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Understanding Cardiovascular Biomarkers

“Nothing can compare with the activity of the human heart.”
—Denton A. Cooley

Despite considerable advances in the treatment of cardiovascular (heart) disease, it remains the leading cause of death in the United States. Diabetes, particularly Type 2 diabetes, is a major risk factor for cardiovascular disease. In fact, the rate of death from heart disease is two to four times higher in adults with diabetes than in their counterparts without diabetes.

Several factors are known to increase the risk of developing (and dying from) heart disease, including being male, using any form of tobacco, and having higher total and LDL (low-density lipoprotein, or “bad”) cholesterol levels and higher blood pressure. While your health-care provider will most certainly monitor and possibly treat these “classic” risk factors for cardiovascular disease, he may also monitor other biological markers to get a broader picture of what is happening to your heart and blood vessels. While these additional measurements are not as well-researched or closely associated with developing or dying from heart disease, they may provide information that is valuable in certain situations, such as when classic risk factors give mixed or unclear results. This article describes some of the more common tests that may be prescribed to get more information about your cardiovascular risk.

Cardiovascular biomarkers
The National Institutes of Health (NIH) describes a biological marker, or biomarker, as a characteristic that is an indicator of normal body processes, disease-related processes, or responses to a therapeutic intervention. The relationship of any such measurement to health or disease is established through scientific studies involving both healthy and sick individuals. It is thus possible that any of the biomarkers discussed in this article could gain or lose importance in the future, as research on the topic progresses.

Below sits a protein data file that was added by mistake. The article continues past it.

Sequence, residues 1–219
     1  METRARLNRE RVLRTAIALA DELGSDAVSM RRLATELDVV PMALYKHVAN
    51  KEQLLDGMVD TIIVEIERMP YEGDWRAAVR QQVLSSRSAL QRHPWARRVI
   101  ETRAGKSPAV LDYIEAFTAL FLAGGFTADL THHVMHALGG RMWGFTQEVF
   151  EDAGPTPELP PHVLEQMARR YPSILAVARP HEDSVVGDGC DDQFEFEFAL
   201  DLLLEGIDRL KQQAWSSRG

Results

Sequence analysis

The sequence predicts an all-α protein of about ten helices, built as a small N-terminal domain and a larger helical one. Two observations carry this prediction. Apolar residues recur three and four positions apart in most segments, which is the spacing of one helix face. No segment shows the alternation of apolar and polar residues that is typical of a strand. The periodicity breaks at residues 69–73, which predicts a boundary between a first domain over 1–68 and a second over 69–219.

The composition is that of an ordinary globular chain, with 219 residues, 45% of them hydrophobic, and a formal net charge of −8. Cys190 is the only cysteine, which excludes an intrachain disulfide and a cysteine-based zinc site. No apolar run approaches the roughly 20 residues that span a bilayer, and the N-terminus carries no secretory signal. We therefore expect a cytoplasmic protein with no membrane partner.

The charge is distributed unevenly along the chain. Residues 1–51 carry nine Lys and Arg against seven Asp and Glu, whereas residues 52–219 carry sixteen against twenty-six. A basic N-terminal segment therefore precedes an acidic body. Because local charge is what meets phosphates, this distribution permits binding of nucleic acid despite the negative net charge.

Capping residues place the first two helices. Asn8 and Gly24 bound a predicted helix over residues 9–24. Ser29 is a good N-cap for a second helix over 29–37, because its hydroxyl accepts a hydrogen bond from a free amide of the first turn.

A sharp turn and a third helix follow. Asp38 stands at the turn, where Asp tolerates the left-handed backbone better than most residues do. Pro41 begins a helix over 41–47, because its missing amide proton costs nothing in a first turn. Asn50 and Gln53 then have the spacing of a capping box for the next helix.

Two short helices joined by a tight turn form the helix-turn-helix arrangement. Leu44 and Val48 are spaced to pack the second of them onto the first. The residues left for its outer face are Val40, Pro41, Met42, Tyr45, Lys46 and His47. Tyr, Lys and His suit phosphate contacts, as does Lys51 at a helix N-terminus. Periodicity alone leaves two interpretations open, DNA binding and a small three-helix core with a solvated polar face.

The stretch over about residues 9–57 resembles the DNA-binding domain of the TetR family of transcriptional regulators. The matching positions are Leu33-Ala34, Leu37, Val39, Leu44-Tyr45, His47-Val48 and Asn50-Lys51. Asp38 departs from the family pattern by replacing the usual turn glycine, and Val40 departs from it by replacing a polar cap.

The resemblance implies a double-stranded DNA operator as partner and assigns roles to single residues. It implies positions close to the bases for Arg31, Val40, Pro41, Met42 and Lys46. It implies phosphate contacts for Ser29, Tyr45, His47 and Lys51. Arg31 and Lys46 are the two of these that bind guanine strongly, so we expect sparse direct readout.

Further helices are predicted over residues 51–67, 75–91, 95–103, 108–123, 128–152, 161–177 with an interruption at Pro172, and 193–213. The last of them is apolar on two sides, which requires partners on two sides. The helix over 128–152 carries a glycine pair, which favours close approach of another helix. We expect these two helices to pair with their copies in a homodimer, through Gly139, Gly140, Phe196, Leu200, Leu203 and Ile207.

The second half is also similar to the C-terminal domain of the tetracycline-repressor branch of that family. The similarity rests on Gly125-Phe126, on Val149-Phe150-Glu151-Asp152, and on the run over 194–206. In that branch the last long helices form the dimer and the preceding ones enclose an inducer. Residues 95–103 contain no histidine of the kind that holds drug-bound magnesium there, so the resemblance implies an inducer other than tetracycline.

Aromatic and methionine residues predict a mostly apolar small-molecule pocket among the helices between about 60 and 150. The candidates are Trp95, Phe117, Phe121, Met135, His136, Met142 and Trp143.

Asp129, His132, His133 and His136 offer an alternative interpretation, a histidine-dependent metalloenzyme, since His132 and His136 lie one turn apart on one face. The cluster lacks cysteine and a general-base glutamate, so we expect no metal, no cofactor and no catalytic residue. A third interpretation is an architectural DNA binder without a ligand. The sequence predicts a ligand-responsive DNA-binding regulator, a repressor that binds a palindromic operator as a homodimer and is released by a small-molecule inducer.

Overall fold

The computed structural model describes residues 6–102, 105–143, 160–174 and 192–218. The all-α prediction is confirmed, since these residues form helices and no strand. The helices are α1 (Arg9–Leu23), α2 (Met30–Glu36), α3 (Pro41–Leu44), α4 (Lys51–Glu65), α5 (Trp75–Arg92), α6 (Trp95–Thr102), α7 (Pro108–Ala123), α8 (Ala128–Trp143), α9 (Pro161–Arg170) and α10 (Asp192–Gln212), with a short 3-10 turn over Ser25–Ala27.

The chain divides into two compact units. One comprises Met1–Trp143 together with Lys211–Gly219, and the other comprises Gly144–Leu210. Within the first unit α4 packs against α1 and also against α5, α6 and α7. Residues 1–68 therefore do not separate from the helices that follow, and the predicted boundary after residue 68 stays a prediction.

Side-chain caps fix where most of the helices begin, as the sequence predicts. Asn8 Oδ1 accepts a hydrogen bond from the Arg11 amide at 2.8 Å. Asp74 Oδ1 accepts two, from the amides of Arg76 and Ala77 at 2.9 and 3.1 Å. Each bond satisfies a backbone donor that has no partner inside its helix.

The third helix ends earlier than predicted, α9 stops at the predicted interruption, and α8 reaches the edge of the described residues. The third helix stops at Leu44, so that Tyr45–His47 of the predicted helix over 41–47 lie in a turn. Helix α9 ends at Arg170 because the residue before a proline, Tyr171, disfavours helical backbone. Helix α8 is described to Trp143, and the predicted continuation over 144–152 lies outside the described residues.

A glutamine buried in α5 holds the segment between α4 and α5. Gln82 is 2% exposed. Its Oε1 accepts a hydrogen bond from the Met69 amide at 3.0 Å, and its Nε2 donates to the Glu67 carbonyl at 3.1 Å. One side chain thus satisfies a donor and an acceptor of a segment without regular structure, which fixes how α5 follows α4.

Cardiovascular biomarkers may help determine someone’s potential for cardiovascular disease early on, before any classic signs and symptoms of the disease occur. Experts are still trying to determine whether early treatment of cardiovascular disease based on cardiovascular biomarkers is useful in preventing or delaying its onset. Some of the more commonly used cardiovascular biomarkers are high-sensitivity C-reactive protein, B-type natriuretic peptide, albumin-to-creatinine ratio, plasminogen activator inhibitor-1, and adiponectin.

High-sensitivity C-reactive protein. This marker of inflammation may indicate the presence of atherosclerosis, a fatty buildup in the arteries. Of all the biomarkers discussed in this article, the evidence connecting high-sensitivity C-reactive protein at elevated levels to heart disease and future cardiovascular events (such as a heart attack or stroke) is greatest. High-sensitivity C-reactive protein is often elevated in people with diabetes, who are known to have a higher risk of developing cardiovascular disease.

B-type natriuretic peptide. This biomarker is used to help detect and determine the severity of congestive heart failure. When the heart muscle begins to enlarge — which happens, in the case of heart failure, as the muscle tries to respond to its inability to pump blood adequately throughout the body — this substance is secreted into the blood. The amount of B-type natriuretic peptide in the blood therefore tends to correspond to the risk of heart failure. Some studies have suggested that decreases in this biomarker can be beneficial.